Allocators are objects responsible for encapsulating memory management. std::allocator is used when you want to separate allocation and do construction in two steps. It is also used when separate destruction and deallocation is done in two steps.
All the STL containers in C++ have a type parameter Allocator that is by default std::allocator. The default allocator simply uses the operators new and delete to obtain and release memory.
template <class T> class allocator;
Member functions associated with std::allocator() :
- address: It is used for obtaining the address of an object although it is removed in C++20.
- construct: It is used to construct an object.It is also removed in C++20.
- destroy: It is used to destruct an object in allocated storage.It is also removed in C++20.
- max_size: It returns the largest supported allocation size.It is deprecated in C++17 and removed in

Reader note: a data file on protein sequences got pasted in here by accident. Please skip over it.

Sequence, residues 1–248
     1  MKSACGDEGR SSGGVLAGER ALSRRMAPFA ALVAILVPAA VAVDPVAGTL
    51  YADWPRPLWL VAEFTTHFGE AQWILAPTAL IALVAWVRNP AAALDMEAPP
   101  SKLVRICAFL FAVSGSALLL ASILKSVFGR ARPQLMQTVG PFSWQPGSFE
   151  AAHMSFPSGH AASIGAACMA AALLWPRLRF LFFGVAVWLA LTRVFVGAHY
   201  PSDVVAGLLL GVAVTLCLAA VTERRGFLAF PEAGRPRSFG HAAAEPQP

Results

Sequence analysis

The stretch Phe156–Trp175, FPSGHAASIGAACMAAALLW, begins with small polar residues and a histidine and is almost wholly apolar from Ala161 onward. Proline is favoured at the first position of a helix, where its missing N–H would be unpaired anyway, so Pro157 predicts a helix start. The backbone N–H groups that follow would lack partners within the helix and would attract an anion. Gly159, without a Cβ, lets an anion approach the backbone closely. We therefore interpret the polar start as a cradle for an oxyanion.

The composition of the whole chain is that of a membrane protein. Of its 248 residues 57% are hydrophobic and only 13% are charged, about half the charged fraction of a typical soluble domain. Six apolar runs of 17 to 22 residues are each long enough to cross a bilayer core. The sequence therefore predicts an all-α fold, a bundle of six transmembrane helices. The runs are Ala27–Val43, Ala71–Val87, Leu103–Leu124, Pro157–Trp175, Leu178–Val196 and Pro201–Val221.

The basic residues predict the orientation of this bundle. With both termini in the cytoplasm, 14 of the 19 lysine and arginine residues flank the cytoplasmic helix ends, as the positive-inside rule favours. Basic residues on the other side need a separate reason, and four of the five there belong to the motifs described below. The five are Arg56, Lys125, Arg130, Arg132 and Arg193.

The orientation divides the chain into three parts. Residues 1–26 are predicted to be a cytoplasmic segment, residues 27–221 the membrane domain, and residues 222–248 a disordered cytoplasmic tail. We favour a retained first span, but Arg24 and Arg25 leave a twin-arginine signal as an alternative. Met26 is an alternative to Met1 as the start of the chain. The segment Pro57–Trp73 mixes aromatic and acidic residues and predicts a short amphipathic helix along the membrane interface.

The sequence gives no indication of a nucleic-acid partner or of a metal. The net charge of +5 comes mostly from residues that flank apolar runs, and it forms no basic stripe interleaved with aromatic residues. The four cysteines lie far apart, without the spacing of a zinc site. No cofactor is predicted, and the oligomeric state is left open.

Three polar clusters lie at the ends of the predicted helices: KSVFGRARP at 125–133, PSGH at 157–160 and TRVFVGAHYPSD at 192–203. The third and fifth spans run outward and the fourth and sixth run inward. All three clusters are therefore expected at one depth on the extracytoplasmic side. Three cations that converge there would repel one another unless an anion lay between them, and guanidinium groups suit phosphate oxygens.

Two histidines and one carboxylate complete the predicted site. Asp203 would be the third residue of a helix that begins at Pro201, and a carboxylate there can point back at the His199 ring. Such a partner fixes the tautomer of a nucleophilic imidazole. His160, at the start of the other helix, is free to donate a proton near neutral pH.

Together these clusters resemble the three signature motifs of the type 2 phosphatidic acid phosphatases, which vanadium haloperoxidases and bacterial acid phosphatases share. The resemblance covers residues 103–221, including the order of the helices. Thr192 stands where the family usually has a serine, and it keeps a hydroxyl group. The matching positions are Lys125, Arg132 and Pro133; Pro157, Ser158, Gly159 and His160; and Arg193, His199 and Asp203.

- allocate: Used for allocation of memory.
- deallocate: Used for deallocation of memory.
Below programs illustrate the above mentioned function:
Advantage of using std::allocator
- std::allocator is the memory allocator for the STL containers. This container can separate the memory allocation and de-allocation from the initialization and destruction of their elements. Therefore, a call of vec.reserve(n) of a std::vector vec allocates only memory for at least n elements. The constructor for each element will not be executed.
- std::allocator can be adjusted according to the container of your need, for example, std::vector where you only want to allocate occasionally.
- On the contrary, new doesn’t allow to have control over which constructors are called and simply construct all objects at the same time. That’s an advantage of std:: allocator over new
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